Therefore, his love was expected to go unspoken. Here, however, we see it expressed in action. The lighted heart on his chest is a symbol of that action, of his love for his son. It is an unspoken love, as fitting with the times, which the next stanza compounds.
A heart that gave out such a glow
No son awake could bear to know.
In the first line of the eighth stanza, the poet uses ‘heart’ and ‘glow’ to again make reference to love. So, it is love that the boy could not ‘bear to know’ when awake. The use of ‘awake’ is interesting here. Being awake carries connotations of daytime. So, the love cannot be expressed in the light of day, cannot be seen. This would fit with the masculine containing emotions, not letting them see the light of day.
It showed a look upon a face
Too tender for the day to trace.
To this point, the analysis suggests that this ‘look upon a face’ is a look of love. Moreover, the use of ‘tender’ in the second line of the ninth stanza reinforces that suggestion. To be tender in this instance relates to love. However, it can also relate to sensitivity. This is a clever wordplay on Coffin’s part. The expression of love is too sensitive to be displayed during the day. And as proposed, the masculine cannot display any emotion, cannot be sensitive, tender.
In the tenth stanza, the boy realizes his father’s love.
One instant, it lit all about,
And then the secret heart went out.
The glow ‘lit all about’ is a reference to the boy’s realization of his father’s love. The light cast aside the darkness; the love was revealed. When the father leaves, ‘the secret heart went out.’ The love is again hidden away, unspoken, as fitting with societal expectations. The boy saw it, however, in that tender moment between him and his father, as evidenced in the final stanza.
But it shone long enough for one
To know that hands held up the sun.
So, the last stanza confirms that the boy knew of his father’s love in that instance. His ‘hands held up the sun.’ The reference to the sun is interesting. The sun represents life, and the father gave life to the son. Also, Coffin again utilizes wordplay to great effect: sun and son. Therefore, the father held up his son but also the sun. Interestingly, the sun symbolizes the universal father in some cultures. That is another reference to the masculine, further bolstering the points made in this analysis.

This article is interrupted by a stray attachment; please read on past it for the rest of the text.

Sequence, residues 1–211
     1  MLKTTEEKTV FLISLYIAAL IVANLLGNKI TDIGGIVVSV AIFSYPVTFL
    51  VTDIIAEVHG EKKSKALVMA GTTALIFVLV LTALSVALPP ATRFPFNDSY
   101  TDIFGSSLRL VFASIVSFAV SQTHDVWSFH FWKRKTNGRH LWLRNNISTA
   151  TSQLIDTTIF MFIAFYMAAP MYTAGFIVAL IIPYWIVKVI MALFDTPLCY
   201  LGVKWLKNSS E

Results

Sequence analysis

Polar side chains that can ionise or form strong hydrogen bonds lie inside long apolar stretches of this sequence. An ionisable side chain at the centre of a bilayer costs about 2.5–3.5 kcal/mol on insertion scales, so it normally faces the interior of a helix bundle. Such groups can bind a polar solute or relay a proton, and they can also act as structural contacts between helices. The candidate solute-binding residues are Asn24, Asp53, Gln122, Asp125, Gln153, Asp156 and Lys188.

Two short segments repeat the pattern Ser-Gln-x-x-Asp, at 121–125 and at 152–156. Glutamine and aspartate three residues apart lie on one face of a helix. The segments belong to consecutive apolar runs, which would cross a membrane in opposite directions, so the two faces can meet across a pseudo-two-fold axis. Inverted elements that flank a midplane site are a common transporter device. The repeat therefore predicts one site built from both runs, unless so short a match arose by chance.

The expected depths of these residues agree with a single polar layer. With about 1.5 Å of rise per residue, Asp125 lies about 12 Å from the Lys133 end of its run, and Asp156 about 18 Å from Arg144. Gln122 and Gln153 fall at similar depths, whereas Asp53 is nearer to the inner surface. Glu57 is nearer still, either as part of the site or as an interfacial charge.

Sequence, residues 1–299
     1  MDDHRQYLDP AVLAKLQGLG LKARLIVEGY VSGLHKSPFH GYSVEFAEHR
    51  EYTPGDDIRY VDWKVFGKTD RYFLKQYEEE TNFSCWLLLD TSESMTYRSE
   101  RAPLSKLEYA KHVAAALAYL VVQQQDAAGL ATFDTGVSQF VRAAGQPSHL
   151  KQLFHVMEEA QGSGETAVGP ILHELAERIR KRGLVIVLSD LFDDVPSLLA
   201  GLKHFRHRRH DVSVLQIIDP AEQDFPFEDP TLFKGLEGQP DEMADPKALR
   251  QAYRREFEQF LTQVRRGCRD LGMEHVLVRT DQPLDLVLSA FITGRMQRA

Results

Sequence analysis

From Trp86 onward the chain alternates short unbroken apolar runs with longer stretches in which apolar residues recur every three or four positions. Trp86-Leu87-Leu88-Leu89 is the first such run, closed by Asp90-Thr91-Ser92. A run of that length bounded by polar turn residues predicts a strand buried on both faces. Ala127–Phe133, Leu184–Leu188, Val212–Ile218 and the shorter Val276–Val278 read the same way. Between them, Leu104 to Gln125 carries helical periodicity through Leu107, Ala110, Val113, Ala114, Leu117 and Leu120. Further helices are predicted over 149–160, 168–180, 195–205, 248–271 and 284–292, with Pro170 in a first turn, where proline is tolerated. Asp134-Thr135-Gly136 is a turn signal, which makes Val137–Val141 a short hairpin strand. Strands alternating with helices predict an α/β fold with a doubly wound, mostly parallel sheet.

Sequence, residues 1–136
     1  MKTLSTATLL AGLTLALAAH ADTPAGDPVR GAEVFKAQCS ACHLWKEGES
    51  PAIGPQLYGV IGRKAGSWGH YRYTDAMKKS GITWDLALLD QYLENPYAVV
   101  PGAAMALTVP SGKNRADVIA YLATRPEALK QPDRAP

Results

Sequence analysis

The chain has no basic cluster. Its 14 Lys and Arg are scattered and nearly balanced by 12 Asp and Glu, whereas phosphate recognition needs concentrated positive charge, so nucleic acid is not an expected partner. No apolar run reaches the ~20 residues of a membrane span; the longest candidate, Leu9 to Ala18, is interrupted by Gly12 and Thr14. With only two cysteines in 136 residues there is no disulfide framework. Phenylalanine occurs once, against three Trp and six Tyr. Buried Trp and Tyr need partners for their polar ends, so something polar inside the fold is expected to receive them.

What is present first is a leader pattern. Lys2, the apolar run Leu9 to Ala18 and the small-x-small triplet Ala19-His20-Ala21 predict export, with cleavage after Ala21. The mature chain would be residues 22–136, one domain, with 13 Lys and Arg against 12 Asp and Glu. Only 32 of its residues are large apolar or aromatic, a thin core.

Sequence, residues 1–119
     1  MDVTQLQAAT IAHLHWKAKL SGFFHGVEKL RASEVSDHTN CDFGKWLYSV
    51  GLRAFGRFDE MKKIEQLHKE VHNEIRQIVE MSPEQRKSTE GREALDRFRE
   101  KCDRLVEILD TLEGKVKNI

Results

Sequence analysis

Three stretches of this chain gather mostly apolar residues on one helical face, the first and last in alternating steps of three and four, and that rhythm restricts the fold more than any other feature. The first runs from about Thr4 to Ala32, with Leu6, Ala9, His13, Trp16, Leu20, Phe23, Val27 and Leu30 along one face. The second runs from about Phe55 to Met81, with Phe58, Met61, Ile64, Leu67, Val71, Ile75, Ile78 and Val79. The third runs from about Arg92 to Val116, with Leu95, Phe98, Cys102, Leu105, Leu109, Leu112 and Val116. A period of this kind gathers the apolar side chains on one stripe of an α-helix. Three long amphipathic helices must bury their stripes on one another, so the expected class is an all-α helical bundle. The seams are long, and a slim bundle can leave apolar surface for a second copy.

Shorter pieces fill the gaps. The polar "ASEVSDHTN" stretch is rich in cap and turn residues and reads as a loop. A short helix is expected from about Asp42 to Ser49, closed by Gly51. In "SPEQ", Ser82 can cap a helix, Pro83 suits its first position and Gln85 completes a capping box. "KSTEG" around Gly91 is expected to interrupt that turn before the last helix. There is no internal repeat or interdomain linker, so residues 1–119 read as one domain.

The flame and the heart are two symbols used in ‘The Secret Heart’. A flame, or fire, can symbolize various things. Here, however, it gives off warmth and light and is a symbol of love. A flame is also a symbol of eternal life, so here it can be thought of as eternal love. The heart is also a symbol of love, which is well-known in Western culture.
The main theme explored in ‘The Secret Heart’ by Robert Coffin is a father’s love for his son. Moreover, the expression of such love is explored. And how society at the time viewed the masculine expression of love.
Yes, Robert Coffin wrote other famous poems. In 1936, his collection Strange Holiness (1935) won the Pulitzer Prize for Poetry. Some of his other poems are ‘Old Blue’, ‘Towers of Good Will’, and ‘Never the Hawk’.
An invisible narrator tells a story, usually in third-person narrative, but the reader doesn’t know who he or she is. The invisible narrator should guide the reader through what’s happening in the story.
Those who liked the father/son element in ‘The Secret Heart‘ by Robert Coffin may also enjoy these two poems: